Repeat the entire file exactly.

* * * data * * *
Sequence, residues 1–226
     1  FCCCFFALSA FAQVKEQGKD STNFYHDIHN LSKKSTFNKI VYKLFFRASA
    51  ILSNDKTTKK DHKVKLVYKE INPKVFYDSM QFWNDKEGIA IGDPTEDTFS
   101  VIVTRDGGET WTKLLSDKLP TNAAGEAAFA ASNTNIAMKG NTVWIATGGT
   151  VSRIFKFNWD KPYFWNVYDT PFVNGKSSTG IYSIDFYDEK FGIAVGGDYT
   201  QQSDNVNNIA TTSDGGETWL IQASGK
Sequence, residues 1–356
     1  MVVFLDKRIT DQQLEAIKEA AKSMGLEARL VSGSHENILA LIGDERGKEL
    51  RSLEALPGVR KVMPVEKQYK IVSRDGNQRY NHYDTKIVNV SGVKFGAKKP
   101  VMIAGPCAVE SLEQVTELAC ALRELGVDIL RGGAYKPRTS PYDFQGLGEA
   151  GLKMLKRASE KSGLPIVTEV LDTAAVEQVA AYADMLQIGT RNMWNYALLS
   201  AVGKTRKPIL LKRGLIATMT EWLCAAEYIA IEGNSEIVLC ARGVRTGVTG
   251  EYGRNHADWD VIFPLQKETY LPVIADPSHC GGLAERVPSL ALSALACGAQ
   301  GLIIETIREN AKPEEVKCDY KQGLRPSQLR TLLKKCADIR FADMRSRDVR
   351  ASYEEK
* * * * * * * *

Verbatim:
Sequence, residues 1–226
     1  FCCCFFALSA FAQVKEQGKD STNFYHDIHN LSKKSTFNKI VYKLFFRASA
    51  ILSNDKTTKK DHKVKLVYKE INPKVFYDSM QFWNDKEGIA IGDPTEDTFS
   101  VIVTRDGGET WTKLLSDKLP TNAAGEAAFA ASNTNIAMKG NTVWIATGGT
   151  VSRIFKFNWD KPYFWNVYDT PFVNGKSSTG IYSIDFYDEK FGIAVGGDYT
   201  QQSDNVNNIA TTSDGGETWL IQASGK
Sequence, residues 1–356
     1  MVVFLDKRIT DQQLEAIKEA AKSMGLEARL VSGSHENILA LIGDERGKEL
    51  RSLEALPGVR KVMPVEKQYK IVSRDGNQRY NHYDTKIVNV SGVKFGAKKP
   101  VMIAGPCAVE SLEQVTELAC ALRELGVDIL RGGAYKPRTS PYDFQGLGEA
   151  GLKMLKRASE KSGLPIVTEV LDTAAVEQVA AYADMLQIGT RNMWNYALLS
   201  AVGKTRKPIL LKRGLIATMT EWLCAAEYIA IEGNSEIVLC ARGVRTGVTG
   251  EYGRNHADWD VIFPLQKETY LPVIADPSHC GGLAERVPSL ALSALACGAQ
   301  GLIIETIREN AKPEEVKCDY KQGLRPSQLR TLLKKCADIR FADMRSRDVR
   351  ASYEEK